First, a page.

A snake crossing the trail, first one I have seen so far.

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Maybe 3 miles down or so. It’s great just scooting along down hill.

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I get to Indian Gardens, 4.5 miles from the rim in about 2 hours. Finally there is a map that shows 3.1 miles from here to the river. It’s only 9:00 so I figure I have plenty of time no matter how slow it is going back up. I fill up 2 liters of water and set out for the river.

This section is the corkscrew, not a lot of switchbacks just a giant spiral down into the canyon.

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Almost there

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I reached the river at 10:00, 3 hours and 7.6 miles down from the rim. It feels great to kick off my boots and wade in the Colorado River, but you can only go out 8 feet or so because of the current.

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A rafting group pulls in and sets up lunch while I’m resting and enjoying the view. It turns out that almost all of the people walking down to the river with me are joining the rafting trip midway through. The rafts started the full trip 6 days ago and they have 8 more days to go. The biggest rapids are supposed to be downstream from here. That is definitely the way to go, walk down then raft out. One thing I didn’t realize is that only the guide has two big oars for steering, everybody else is just a passenger.

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After 45 minutes at the river I have to face the long slog back up. It is 2000′ back up the corkscrew to Indian Gardens and with the sun out it is slow going. A lot of rest and drinking stops, by the time I get to Indian Gardens two hours later I have gone through almost all of the 2 liters I started with. Hung out there drinking water and relaxing in the shade for awhile then continued toward the top. From here there is water every 1.5 miles. After an hour or so the clouds turn dark and it starts to rain. It’s nice to get cool but I only have a pack cover, no poncho, so I have to huddle under a rock overhang until the worst of the storm passes over.

The storm hitting the North Rim

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Finally nearing the top, I can see the railings on the overlooks. Not many people out due to the rain. Made it back to the start of the trail at 5:00, so 10 hours to go 15.2 miles round trip, 5000′ down and back up. I think I drank at least 7 liters of water along the way.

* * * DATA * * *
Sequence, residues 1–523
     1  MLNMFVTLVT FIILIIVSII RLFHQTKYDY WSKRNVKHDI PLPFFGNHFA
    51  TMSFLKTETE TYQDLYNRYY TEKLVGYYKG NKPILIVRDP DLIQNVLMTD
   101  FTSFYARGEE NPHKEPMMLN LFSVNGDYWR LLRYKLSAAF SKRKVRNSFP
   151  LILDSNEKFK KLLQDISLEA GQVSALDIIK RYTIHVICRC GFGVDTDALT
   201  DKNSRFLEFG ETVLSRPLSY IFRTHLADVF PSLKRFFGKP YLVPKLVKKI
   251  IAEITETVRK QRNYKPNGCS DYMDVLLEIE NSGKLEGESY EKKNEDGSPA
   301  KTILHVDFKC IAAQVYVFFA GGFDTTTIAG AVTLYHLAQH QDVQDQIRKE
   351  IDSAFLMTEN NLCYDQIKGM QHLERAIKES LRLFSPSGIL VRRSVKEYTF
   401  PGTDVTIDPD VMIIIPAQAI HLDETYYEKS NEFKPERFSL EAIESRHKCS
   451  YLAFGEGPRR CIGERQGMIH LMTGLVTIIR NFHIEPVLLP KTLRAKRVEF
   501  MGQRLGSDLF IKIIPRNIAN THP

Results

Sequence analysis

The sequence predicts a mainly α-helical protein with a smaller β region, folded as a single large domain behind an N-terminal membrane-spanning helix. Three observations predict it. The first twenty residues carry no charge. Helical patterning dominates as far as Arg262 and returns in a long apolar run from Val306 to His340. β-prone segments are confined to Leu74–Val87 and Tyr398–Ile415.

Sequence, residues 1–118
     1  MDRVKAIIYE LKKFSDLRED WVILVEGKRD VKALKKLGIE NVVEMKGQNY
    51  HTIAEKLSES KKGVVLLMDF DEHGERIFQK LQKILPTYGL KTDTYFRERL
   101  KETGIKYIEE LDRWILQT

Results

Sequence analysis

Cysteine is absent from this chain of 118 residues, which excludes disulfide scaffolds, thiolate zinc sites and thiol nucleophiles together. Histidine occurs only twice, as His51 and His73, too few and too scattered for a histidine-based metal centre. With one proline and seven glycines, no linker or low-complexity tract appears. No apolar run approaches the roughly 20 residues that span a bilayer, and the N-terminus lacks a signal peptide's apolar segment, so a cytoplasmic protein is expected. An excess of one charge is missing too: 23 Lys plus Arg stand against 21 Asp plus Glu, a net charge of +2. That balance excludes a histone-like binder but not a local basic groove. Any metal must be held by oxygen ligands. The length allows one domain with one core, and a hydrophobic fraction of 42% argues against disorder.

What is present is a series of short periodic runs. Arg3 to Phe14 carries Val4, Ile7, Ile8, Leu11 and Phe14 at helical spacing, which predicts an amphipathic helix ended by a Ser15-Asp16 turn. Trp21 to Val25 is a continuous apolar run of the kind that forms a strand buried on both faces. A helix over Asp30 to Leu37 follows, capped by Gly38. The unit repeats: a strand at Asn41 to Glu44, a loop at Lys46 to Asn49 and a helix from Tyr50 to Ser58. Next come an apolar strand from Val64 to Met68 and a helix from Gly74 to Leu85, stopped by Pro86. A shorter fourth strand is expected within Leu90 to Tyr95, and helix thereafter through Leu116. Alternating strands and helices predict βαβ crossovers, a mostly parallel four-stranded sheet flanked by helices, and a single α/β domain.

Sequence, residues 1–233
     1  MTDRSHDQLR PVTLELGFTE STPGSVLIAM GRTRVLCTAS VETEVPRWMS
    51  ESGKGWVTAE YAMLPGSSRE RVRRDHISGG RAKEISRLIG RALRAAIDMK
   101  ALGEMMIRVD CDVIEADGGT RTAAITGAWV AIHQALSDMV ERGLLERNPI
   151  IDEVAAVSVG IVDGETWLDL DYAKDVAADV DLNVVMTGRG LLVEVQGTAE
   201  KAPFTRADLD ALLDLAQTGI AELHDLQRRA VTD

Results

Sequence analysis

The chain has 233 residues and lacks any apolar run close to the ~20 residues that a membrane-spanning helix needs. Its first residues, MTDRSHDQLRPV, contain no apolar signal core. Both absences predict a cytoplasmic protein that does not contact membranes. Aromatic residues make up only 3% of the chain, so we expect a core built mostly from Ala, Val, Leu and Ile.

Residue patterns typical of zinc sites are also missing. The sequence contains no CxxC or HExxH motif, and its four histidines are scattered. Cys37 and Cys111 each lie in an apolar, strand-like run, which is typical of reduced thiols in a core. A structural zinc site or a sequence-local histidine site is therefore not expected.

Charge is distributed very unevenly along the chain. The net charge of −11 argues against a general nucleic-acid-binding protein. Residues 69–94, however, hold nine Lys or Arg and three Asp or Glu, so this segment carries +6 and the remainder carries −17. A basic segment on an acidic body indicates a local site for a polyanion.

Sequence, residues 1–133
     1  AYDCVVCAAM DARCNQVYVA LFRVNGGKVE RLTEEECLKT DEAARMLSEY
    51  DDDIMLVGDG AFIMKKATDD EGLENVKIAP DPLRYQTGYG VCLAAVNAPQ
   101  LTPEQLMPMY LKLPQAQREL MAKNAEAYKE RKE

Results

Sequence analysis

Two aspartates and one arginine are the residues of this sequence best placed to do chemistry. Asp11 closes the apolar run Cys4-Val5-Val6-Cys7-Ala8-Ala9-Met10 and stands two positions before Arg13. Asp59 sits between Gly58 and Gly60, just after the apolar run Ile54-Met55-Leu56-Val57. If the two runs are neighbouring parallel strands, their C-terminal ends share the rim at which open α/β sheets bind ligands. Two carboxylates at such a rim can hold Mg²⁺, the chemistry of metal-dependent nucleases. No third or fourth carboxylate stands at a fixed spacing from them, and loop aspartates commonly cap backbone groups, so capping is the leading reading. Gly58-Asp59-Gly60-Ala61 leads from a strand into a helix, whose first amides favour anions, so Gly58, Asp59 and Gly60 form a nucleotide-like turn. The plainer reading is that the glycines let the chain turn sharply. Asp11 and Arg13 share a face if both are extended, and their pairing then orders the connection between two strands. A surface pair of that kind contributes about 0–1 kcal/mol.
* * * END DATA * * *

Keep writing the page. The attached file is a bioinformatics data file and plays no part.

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Leaving Grand Canyon on the way to Page

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Horseshoe Bend outside Page AZ. Fun to sit on the edge of the cliff and take in the view

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A short detour into Utah, camping on the beach in Glen Canyon. I have cleverly framed this picture so you can’t see the 300 RVs, campers, and tents going all the way down the beach. It’s the weekend and this is a popular spot.

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I wanted to hike Antelope Canyon but it’s Labor Day weekend and all of the tours are booked until Tuesday. Instead I set off across Navajo country towards New Mexico.

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Nevada

Shortly after leaving Death Valley behind and entering Nevada, Google suddenly wants me to turn off the highway onto a gravel road in the middle of nowhere. Instead of just blindly following it and crashing to my death off a cliff or something I stop to check, and sure enough Google is right on the money. This road past an abandoned airstrip cuts out about 12 miles of highway driving, and after about 3 miles turns out onto the highway to Las Vegas so I continue on.

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I got a cheap hotel for the weekend at the HoJo’s on Tropicana, a couple blocks off the strip past the MGM and Hooters. First night it’s Friday night in Vegas, so of course I spend the evening in bed with the AC blasting, all of my stuff plugged into actual power outlets, a long hot shower, and catching up on some TV. After awhile I run out a grab a pizza and lie in bed eating pizza and watching the last few episodes of the Deadliest Catch season. Next day the Vegas excitement continues (at a somewhat late hour after staying up late the previous night) as I make my way to Henderson and do some shopping at REI, get a haircut, and pick up some groceries.  On the way back I stopped at the Pinball Hall of Fame, it’s just a warehouse with a bunch of pinball and video games lined up in rows. They do have a card on each giving the date it was manufactured but that’s about it.